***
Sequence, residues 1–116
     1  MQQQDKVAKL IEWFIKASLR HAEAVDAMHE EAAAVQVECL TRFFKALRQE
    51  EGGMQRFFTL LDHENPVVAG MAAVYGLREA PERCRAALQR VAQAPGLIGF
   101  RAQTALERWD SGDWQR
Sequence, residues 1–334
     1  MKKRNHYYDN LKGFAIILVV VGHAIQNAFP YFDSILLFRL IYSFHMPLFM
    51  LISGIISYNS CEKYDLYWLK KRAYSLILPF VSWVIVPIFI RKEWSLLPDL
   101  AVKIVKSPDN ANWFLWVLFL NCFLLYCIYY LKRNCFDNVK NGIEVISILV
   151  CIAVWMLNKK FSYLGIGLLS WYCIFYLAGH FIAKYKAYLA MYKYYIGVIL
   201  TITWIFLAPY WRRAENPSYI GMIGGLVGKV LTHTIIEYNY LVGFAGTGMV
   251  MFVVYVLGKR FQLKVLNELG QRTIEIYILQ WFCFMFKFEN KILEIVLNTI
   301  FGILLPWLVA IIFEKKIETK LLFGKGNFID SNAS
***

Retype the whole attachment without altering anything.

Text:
Sequence, residues 1–116
     1  MQQQDKVAKL IEWFIKASLR HAEAVDAMHE EAAAVQVECL TRFFKALRQE
    51  EGGMQRFFTL LDHENPVVAG MAAVYGLREA PERCRAALQR VAQAPGLIGF
   101  RAQTALERWD SGDWQR
Sequence, residues 1–334
     1  MKKRNHYYDN LKGFAIILVV VGHAIQNAFP YFDSILLFRL IYSFHMPLFM
    51  LISGIISYNS CEKYDLYWLK KRAYSLILPF VSWVIVPIFI RKEWSLLPDL
   101  AVKIVKSPDN ANWFLWVLFL NCFLLYCIYY LKRNCFDNVK NGIEVISILV
   151  CIAVWMLNKK FSYLGIGLLS WYCIFYLAGH FIAKYKAYLA MYKYYIGVIL
   201  TITWIFLAPY WRRAENPSYI GMIGGLVGKV LTHTIIEYNY LVGFAGTGMV
   251  MFVVYVLGKR FQLKVLNELG QRTIEIYILQ WFCFMFKFEN KILEIVLNTI
   301  FGILLPWLVA IIFEKKIETK LLFGKGNFID SNAS